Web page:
[ELI5]How do we move relative to a bus when we jump in one?


[ELI5]How do we move relative to a bus when we jump in one?

In: Physics

In an idealized scenario, you don’t. The bus, the air inside it, and you are all moving at the same speed, with no velocity relative to each other. So, you jump up and come back down in the same spot.

Now, of course, from the frame of reference of someone standing on the side of the road, you’re moving at the same rate as the bus.

To add to what /u/ToxiClay correctly explained above, the only way you will move relative to the bus is if the bus accelerates or brakes while you are in the air.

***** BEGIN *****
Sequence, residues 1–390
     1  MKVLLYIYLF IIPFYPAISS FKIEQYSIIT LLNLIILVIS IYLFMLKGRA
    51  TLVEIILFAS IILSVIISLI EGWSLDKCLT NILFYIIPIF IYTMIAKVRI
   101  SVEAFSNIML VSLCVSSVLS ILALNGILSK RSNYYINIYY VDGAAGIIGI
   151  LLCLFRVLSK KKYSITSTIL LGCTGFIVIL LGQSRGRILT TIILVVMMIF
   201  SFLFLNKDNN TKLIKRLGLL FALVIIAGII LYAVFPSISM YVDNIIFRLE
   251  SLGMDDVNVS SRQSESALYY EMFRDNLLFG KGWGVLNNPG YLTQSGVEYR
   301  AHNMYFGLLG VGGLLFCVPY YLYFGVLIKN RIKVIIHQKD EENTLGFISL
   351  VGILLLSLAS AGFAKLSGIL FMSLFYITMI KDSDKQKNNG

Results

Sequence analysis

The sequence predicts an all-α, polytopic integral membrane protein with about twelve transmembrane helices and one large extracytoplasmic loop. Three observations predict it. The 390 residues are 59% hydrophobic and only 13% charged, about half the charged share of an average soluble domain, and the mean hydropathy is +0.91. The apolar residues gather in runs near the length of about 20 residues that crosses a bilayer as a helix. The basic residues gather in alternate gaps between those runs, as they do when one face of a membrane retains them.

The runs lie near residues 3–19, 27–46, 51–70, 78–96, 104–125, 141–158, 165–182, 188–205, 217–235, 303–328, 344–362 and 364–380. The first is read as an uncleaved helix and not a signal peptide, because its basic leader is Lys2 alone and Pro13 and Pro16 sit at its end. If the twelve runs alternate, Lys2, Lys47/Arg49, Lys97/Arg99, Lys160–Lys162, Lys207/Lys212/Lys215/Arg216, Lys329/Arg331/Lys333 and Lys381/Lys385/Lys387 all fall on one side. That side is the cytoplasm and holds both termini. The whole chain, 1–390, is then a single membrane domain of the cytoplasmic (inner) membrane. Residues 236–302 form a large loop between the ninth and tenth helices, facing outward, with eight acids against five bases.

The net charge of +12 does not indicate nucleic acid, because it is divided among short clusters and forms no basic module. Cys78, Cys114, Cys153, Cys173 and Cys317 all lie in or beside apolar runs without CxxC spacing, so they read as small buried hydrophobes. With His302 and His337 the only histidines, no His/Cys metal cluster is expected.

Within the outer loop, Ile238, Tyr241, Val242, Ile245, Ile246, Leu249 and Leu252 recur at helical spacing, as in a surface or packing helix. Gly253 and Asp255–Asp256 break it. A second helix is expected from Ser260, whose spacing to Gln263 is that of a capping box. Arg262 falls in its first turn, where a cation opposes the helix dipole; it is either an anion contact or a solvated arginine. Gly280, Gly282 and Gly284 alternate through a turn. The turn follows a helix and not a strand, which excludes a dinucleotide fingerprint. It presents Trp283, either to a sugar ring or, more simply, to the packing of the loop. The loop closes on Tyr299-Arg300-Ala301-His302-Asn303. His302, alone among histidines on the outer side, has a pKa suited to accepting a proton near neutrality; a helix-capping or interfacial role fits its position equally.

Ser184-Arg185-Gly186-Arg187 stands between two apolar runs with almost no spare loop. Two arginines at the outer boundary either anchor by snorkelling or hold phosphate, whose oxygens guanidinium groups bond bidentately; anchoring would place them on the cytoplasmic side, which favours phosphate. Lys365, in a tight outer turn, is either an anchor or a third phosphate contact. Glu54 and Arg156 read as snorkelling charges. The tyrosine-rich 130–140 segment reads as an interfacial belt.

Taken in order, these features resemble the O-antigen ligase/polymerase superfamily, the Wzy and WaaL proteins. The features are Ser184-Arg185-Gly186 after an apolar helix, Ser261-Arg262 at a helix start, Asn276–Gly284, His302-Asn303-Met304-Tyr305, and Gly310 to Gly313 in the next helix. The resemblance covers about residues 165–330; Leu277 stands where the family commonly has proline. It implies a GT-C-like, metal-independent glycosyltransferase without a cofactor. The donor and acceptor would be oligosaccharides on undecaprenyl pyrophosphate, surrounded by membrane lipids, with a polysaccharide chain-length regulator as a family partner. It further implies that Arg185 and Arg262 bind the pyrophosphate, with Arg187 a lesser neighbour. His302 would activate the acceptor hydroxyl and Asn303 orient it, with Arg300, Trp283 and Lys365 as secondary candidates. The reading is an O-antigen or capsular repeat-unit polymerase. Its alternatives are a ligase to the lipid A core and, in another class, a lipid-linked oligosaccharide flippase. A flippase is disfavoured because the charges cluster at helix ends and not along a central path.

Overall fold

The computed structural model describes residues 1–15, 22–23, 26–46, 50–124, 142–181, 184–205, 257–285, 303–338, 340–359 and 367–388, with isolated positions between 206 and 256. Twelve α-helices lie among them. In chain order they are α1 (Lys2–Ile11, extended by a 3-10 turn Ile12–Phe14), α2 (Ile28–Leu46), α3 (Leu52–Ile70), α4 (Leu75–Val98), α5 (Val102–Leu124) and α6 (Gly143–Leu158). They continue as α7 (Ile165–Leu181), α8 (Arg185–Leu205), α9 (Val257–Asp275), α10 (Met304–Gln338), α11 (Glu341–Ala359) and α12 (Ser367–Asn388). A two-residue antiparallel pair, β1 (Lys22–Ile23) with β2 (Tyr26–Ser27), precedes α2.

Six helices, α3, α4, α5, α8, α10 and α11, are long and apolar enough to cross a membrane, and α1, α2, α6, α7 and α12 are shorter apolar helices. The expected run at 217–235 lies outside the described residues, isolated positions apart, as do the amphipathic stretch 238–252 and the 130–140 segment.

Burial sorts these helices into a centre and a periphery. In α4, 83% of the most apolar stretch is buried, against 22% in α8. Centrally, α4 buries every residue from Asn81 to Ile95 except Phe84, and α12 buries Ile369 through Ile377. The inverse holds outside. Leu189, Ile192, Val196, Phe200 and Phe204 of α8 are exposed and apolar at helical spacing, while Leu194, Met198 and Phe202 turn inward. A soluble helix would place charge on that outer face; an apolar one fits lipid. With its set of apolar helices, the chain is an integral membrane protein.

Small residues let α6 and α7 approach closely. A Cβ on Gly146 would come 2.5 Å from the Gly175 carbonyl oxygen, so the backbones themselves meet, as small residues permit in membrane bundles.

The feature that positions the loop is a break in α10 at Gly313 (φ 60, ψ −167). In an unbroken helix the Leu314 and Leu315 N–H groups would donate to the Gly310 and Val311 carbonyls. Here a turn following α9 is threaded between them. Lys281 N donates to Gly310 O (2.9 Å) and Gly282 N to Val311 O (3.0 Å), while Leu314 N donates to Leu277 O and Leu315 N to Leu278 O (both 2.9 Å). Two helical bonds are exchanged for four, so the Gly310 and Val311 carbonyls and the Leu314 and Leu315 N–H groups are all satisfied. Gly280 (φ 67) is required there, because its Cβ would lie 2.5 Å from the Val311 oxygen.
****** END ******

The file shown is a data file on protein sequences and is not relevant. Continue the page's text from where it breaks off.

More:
Here is an absolutely fantastic demonstration of the fact that you *do not* move relative to a vehicle you jump in: [a guy on a trampoline being pulled by a truck](https://www.youtube.com/watch?v=zeqMsf66-mY)!

Wrong question. You don’t when it’s moving at a constant velocity.

When the bus is ***accelerating*** is when you move relative to it.

And for that, you don’t have to jump. A hard pick up will slide your ass back or a hard braking will smash your face forward even when you’re sitting down. Why?

Newton’s first law: it doesn’t take anything to keep you at a constant speed, be it 0 mph or 10,000 mph.

But to change it, **force** is required.

The force the Earth puts on the tyre, the tyre on the axle, the axle on the frame, the frame on the floor, the floor/seat on your feet/butt and your feet/butt on the rest of you.

And if it doesn’t, you go flying through the windshield.